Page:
By Dan Hickling
Special to USAHockey.com
AMHERST, N.Y. — The phrase “a kick save and a beauty” is one of the more cherished chestnuts among puckheads.
Any goalie worth his pads has, over the course of his career, pulled off a few of those thrusting leg stops that have left fans buzzing and opposing shooters muttering.
Then there was the pad stop made by Steve Cash, a longtime mainstay in the net for the U.S. National Sled Hockey Team.
That one left everyone who saw it utterly dumbfounded.
It happened when Cash, now 24, was tending goal in a high school inline game. Cash, who lost his lower right leg to cancer at age 3, kicked his artificial leg completely off while trying to make a stop.
“Not many kids knew about my prosthetic leg,” Cash said during last week's USA Hockey Paralympic Tryout Camp in Amherst, N.Y. “But one game, my leg was a little loose. The puck had come out to my right, and I [pushed on] my leg to get there.”
Then came the kicker.
“My leg popped off,” he said, “and everyone was in shock. The whole place went silent. It’s nice to have a sense of humor about it.”
Not long after that, Cash, a native of St. Louis, took up sled hockey, and since 2005 he has been a virtual brick wall for the national team.
“He’s the best [sled] goalie in the world,” said Jeff Sauer, the U.S. coach, who saw plenty of great netminders such as Jim Carey, Mike Richter and Curtis Joseph come through his NCAA teams at Wisconsin and Colorado College.
“Goaltenders are different,” said Sauer. “They have a different personality. I can tell you stories. [But] Steve is as normal a goaltender as I've ever been around. He’s got a great glove hand, and he does a great job playing the angles. Everybody understands how important he is to us.”
Cash has led Team USA to Paralympic bronze in 2006 in Torino, gold in 2010 in Vancouver and is now hoping to lead the Americans to a successful medal defense in Sochi come next March.
“It’s a great sport,” Cash said. “Not only is it recreational, but it’s therapeutic. I love it. Hopefully I can play it for as long as I can.”
And what’s to stop him?
Not a thing, not as long as he has his keen eyes and sharp reflexes — and certainly not the loss of his leg, which didn't stop him from competing baseball and soccer as well as hockey.
“It was easy for me to cope with it,” Cash said. “That is all I've known. I grew up with a prosthetic leg, and I've never let that deter me. I've done everything I've wanted to do. I never considered it a setback.
“Playing sled hockey is a fulfillment for me. It's changed my life. I couldn’t imagine where I’d be without the sport.”
Teenager Farmer Keeps on Improving
One of the biggest splashes made at Sled Player Development Camp came from 15-year-old forward Declan Farmer, who is making his first attempt at earning a Paralympic team spot.
Farmer, who hails from Tampa, Fla., was a force all over the ice during the weeklong session and scored a superb goal during Saturday's wrap-up game that wowed the Northtown Center crowd.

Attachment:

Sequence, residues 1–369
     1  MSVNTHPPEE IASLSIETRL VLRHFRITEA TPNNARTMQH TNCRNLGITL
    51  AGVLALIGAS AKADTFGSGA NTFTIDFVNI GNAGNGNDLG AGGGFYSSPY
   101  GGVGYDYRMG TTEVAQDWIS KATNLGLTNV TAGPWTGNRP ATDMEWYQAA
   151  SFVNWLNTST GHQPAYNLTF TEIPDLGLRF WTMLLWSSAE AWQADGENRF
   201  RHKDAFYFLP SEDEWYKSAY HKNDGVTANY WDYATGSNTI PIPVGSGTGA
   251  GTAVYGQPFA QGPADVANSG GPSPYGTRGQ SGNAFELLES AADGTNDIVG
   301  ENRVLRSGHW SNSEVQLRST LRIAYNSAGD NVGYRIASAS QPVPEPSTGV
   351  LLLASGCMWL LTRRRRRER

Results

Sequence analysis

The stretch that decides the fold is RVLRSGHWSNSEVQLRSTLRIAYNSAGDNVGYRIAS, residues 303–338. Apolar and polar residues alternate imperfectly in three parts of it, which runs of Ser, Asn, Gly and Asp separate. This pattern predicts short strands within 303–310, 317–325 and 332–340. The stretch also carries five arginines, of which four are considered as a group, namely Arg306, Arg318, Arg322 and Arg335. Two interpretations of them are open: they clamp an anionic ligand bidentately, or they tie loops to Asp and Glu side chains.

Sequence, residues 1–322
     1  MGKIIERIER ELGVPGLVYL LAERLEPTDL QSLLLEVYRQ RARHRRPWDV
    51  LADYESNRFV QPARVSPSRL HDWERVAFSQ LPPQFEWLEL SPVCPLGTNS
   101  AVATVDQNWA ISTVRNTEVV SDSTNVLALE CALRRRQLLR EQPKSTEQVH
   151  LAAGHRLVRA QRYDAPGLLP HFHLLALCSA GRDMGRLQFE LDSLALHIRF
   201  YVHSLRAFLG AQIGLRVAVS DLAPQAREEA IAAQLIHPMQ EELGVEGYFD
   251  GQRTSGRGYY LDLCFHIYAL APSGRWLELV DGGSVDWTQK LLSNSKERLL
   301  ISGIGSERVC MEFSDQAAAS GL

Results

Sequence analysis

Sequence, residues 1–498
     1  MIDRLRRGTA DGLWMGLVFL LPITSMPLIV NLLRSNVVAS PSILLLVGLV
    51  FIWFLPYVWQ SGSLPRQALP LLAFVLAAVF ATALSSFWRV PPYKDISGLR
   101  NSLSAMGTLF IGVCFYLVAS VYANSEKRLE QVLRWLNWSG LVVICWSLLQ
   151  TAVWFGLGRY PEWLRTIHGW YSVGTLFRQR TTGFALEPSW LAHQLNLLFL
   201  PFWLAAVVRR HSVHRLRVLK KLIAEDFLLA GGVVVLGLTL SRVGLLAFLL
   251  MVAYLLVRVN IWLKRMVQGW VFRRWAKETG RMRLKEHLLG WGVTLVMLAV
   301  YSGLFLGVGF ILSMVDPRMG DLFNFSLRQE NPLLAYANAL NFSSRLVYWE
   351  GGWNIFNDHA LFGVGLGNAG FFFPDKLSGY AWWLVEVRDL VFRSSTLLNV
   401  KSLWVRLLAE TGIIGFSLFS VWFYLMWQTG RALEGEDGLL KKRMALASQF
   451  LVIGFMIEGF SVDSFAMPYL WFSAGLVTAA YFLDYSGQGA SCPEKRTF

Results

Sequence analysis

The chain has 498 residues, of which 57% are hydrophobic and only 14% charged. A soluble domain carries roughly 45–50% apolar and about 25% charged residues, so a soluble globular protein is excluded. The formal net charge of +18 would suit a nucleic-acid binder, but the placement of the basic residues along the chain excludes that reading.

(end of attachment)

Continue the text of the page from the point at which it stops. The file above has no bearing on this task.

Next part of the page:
“It’s been pretty fun,” said Farmer, a rabid Tampa Bay Lightning fan who was born a double-leg amputee. “There are some great players here, and this has been a good experience.”
Farmer has been playing for the past seven years, after first getting involved in a program sponsored by the Lightning.
Three years ago he began to set his sights on making the national team.
“I didn't know how I compared to some of the other players in the youth division,” he said. “But I guess I was one of the better players. So things went up from there.”
Indeed they have.
Last year, Farmer earned his place on the national team, which took silver at the 2013 International Paralympic Committee World Championship in Goyang, South Korea. He added four goals and four assists to the U.S. cause.
“You have to prove you can play with the older guys,” said Farmer. “You can't make an excuse about being younger. You have to be able to play with the top level, no matter how young you are.”
Talent Pool Runs Deep
A total of 67 players took part in Select Camp with hopes of landing a spots on the Paralympic squad.
That’s a hefty increase from the gathering of 19 hopefuls who were invited to the first camp held by USA Hockey back in 2007.
Needless to say, sled hockey is a sport on the rise. The numbers alone confirm that.
“The one thing that I've truly noticed over the last couple of years is that the bottom of the talent pool has really come up,” said Dan Brennan, general manager of the U.S. National Sled Hockey Team. “It’s really pushed the median player, and the elite player, as well.”
The national team that will head to Sochi in March is scheduled to be announced on Wednesday.
Crunching the Numbers
6 – number of players who attended tryouts attempting to make their third consecutive U.S. Paralympic Squad. Steve Cash, Taylor Chace, Taylor Lipsett, Tim Jones, Alexi Salamone and Andy Yohe helped Team USA to the bronze medal in Torino in 2006 and the gold medal in Vancouver in 2010.
7 – current or former members of the United States military who tried out for the U.S. Paralympic Team: Craig Brady, Jen Lee, Bo Reichenbach, Rico Roman, Paul Schaus, Josh Stein and Josh Sweeney.
3 – high schoolers that were among the final game for tryouts. Declan Farmer, Vlad Lundquist and Brody Roybal are each 15-years-old.
Story from Red Line Editorial, Inc.